1952 ALLARD P2 SAFARI EIGHT-SEATER ESTATE CAR
Registration No. NLD 412
Chassis No. P2 4003
Engine No. tba
Metallic gold with brown leather interior.
Engine: Cadillac V8, pushrod overhead valves, 160/200 bhp at 5800 rpm; Clutch: single plate; Gearbox: manual three-speed synchromesh; Suspension: independent front by divided axle, de Dion rear, vertical coil springs all round; Brakes hydraulically operated drum all round, inboard at rear. Right-hand drive.
When the Allard Motor Company decided to replace its successful range of V8 powered saloons in 1952 it went all the way. Intended to carve out a niche in the North American imported saloon market, the P2 Monte Carlo saloon and sister Safari estate were big, luxurious and - in 5.4 litre Cadillac V8 form - impressive performers. It was all underpinned by a rigid tubular chassis frame of Allard's own design and a skilfully laid out second generation version of the company's divided axle independent front suspension. Matching that, at the rear was the clever de Dion axle, already well-proven in Sydney Allard's championship-winning single seater sprint car. The excellent Marles steering gear was used, as on earlier models from Clapham.
Very much in the tradition of the hand-built English luxury car, the Safari flaunted rich carpeting, hide and polished wood for fascia and door cappings. The spacious timber-framed and panelled estate car body uniquely revealed to the kerbside observer the high level of workmanship deployed by traditional coachbuilders. More unexpeceted was the pioneering rear-facing rearmost seat and the huge front-hinged body section which, propelled by two hydraulic rams, swung forward and up to reveal the front suspension and engine bay. A fresh air heating and ventilation system was standard; thoughtful touches included a steering wheel adjustable for reach, door-operated interior lights and an automatic reversing light. To make it possible to accommodate a third front seat passenger, the remote-control gear lever was located on the floor between the door and the driving seat. Allard built just 21 P2 saloons and estates between 1952 and 1955.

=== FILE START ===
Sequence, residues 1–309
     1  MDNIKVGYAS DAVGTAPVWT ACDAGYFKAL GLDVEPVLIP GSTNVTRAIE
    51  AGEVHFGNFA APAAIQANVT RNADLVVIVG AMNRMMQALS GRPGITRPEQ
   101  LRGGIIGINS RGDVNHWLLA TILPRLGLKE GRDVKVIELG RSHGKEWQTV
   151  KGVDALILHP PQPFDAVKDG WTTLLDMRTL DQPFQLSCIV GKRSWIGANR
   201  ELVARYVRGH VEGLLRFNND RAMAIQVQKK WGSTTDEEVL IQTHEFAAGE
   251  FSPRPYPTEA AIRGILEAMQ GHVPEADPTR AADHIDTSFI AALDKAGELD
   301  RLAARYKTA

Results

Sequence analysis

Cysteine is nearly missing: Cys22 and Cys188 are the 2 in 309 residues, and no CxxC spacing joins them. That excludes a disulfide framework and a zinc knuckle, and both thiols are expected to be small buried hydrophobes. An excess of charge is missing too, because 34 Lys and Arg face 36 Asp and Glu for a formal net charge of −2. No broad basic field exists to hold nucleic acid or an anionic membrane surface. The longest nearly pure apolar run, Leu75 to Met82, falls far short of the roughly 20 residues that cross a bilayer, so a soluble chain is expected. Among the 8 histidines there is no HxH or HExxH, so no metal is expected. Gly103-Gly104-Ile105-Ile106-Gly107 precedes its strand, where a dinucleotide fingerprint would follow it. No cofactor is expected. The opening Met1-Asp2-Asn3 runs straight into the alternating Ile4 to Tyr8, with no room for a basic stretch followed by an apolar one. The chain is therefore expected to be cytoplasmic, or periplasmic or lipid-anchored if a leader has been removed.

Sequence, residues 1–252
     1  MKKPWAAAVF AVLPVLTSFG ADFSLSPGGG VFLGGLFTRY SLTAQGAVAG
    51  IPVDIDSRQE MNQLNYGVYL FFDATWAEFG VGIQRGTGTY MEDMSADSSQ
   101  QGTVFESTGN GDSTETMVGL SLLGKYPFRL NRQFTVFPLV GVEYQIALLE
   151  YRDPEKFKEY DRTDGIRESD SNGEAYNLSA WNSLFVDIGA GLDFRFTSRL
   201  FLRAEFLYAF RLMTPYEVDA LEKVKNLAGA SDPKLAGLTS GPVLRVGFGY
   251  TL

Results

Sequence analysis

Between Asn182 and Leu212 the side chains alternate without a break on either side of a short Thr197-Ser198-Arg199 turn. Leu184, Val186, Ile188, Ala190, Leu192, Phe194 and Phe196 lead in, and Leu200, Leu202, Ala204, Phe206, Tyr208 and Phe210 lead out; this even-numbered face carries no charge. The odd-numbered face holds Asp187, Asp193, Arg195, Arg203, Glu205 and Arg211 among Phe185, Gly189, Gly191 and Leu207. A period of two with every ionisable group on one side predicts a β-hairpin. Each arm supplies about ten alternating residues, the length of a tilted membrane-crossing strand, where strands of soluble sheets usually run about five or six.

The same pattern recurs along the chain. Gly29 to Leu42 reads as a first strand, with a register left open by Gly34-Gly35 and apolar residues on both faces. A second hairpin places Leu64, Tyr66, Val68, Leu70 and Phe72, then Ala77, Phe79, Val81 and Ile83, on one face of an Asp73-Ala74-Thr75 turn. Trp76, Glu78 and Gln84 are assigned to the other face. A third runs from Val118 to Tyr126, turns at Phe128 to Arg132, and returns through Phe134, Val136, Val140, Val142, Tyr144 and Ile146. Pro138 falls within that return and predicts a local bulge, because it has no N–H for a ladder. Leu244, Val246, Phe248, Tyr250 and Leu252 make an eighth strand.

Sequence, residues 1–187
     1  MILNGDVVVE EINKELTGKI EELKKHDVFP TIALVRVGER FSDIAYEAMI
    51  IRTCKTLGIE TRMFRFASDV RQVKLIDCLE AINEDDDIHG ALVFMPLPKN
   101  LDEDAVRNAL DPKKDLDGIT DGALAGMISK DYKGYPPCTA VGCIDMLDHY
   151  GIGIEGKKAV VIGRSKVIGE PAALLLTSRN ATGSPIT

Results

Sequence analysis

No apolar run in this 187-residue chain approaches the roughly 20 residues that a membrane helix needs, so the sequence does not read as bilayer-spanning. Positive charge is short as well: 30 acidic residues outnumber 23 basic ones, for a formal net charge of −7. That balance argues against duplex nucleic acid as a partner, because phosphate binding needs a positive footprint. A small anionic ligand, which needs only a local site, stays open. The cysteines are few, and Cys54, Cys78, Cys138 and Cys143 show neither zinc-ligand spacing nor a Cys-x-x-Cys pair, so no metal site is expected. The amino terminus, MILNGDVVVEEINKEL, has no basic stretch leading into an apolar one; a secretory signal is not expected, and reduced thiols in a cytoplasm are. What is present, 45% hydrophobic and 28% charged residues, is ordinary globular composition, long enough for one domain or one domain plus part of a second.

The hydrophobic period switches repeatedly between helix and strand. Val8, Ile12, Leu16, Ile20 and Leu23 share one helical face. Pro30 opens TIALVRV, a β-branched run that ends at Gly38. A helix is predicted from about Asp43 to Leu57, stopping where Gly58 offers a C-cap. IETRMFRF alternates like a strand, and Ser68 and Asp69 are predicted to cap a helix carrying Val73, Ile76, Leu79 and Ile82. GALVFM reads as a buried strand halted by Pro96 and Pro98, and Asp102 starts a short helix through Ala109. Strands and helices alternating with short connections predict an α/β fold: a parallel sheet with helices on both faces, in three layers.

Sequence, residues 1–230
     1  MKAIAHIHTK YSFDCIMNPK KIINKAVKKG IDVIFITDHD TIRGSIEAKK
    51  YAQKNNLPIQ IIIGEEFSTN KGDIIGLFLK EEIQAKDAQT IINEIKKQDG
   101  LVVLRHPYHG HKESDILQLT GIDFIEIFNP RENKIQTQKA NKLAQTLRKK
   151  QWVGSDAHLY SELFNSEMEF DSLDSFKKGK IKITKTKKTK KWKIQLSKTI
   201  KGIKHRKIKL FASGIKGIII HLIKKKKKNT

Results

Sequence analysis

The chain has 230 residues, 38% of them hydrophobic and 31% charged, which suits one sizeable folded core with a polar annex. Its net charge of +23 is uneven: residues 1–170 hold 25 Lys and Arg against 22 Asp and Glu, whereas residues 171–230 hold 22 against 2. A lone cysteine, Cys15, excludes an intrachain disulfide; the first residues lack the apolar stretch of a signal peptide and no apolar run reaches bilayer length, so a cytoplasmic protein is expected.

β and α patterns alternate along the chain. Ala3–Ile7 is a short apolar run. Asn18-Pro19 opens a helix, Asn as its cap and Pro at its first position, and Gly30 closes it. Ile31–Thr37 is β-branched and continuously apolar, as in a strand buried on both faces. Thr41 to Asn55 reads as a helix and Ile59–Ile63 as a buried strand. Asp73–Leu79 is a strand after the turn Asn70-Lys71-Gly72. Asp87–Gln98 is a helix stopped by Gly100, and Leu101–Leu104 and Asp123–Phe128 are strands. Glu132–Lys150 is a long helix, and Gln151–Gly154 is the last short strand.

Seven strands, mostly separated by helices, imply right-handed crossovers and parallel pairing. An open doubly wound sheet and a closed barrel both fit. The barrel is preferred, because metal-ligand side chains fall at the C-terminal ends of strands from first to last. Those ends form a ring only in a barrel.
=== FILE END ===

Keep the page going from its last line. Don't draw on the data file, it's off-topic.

This Safari was delivered new to a purchaser in Wolverhampton, who parted with it to a second owner six months later. The present vendor purchased it in 1983 and it has since been the subject of a lengthy and exhaustive restoration, since when it has had only limited use.
Like other restored Allards in this collection it rewards detailed examination. Pleasing period touches are the radio and the Rimbellisher wheel trims. The speedometer reading is 93,399 miles, which there is no reason to doubt. A large car of commanding presence on the road, the Safari demands attention wherever it goes.